During the Voyages of Discovery, Prince Henry the Navigator would restock his caravels here as they set out to prove the world did not end at Cabo Bojador. King Sebastião made it the capital of the Algarve, a position it maintained through to 1755. And it was from Lagos that king Sebastião set out to conquer North Africa, an expedition that was to prove historically disastrous for Portugal. From the Manueline window set into the Governor’s Castle, he was to address his troops for the final time. In the Gil Eanes Square, the sculptor João Cutileiro managed to embody the wild dreams of this adolescent king.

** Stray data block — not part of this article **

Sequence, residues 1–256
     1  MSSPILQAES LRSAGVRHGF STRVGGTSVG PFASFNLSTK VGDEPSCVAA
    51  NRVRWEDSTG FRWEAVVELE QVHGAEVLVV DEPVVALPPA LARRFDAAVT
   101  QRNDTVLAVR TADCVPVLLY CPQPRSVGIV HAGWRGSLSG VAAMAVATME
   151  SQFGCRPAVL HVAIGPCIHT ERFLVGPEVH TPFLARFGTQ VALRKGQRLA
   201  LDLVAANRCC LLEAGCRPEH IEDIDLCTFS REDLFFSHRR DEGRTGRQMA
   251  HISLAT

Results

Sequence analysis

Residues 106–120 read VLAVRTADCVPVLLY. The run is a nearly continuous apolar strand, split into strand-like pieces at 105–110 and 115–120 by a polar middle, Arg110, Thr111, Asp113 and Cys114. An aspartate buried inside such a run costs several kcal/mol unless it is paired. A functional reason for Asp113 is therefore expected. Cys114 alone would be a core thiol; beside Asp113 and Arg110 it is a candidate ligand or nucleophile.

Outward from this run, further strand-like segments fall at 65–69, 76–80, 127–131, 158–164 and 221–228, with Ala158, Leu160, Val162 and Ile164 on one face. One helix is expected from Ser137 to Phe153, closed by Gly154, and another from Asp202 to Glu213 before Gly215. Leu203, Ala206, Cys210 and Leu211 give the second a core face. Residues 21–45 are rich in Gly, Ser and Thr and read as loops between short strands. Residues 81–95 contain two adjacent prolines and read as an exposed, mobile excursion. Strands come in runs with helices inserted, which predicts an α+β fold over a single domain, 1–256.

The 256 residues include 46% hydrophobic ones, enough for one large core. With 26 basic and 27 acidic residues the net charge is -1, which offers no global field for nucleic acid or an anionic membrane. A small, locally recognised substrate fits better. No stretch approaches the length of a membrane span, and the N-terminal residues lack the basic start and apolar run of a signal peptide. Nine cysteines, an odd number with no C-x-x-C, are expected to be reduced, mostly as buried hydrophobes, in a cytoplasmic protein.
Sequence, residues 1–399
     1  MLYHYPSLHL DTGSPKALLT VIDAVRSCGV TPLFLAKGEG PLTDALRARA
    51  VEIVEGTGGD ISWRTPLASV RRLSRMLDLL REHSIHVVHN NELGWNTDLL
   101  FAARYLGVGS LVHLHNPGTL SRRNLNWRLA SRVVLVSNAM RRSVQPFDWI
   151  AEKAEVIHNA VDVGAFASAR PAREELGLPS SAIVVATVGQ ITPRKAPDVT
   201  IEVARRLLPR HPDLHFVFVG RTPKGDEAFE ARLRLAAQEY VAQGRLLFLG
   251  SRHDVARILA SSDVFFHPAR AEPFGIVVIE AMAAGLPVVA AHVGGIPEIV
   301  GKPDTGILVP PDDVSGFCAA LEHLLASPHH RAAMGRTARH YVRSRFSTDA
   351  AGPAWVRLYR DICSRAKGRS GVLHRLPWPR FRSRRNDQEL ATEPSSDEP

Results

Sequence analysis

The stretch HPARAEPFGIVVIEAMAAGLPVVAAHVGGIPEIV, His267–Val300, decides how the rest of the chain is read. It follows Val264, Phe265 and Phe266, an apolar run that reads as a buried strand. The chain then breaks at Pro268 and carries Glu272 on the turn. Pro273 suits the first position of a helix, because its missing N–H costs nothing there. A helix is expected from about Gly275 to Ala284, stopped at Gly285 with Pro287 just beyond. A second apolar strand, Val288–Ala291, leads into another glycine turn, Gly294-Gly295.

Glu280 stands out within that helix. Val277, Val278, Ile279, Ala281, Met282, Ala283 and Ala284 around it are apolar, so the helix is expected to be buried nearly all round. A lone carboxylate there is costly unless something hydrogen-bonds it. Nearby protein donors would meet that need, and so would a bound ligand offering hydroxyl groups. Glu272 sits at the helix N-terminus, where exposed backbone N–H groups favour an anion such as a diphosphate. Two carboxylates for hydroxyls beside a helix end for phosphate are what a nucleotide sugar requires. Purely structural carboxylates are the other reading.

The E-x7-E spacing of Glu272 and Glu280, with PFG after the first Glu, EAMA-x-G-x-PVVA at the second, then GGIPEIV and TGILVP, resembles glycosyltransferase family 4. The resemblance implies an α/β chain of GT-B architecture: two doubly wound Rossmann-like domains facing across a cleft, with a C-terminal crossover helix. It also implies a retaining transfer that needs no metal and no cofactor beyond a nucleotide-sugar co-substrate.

In its churches, museums and bustling squares, Lagos reveals its ties with the sea. On either side of the centre stand two testimonies to very different times. There is the Ponta da Bandeira Fortress, built to impose respect among the corsairs that plagued the region and now home to a museum dedicated to the Discoveries.
At the other extreme, there is the Marina, a meeting point with all the people and bars for a lively late afternoon drink.
The first slave market of Europe was held under the arcades of the Infante D. Henrique square. The site is now the place to be for the best in local handicrafts.
Amidst the abundant profusion of gold leaf carving and tiles of the church of Santo António, pick out the Lieutenant-general portrait following the "promotion" that king Pedro II bestowed upon himself.
Right by the city, enjoy the charm of these rock-enclosed beaches and the seafront restaurants with their menus featuring the pick of the sea’s produce. A great suggestion for a great few days.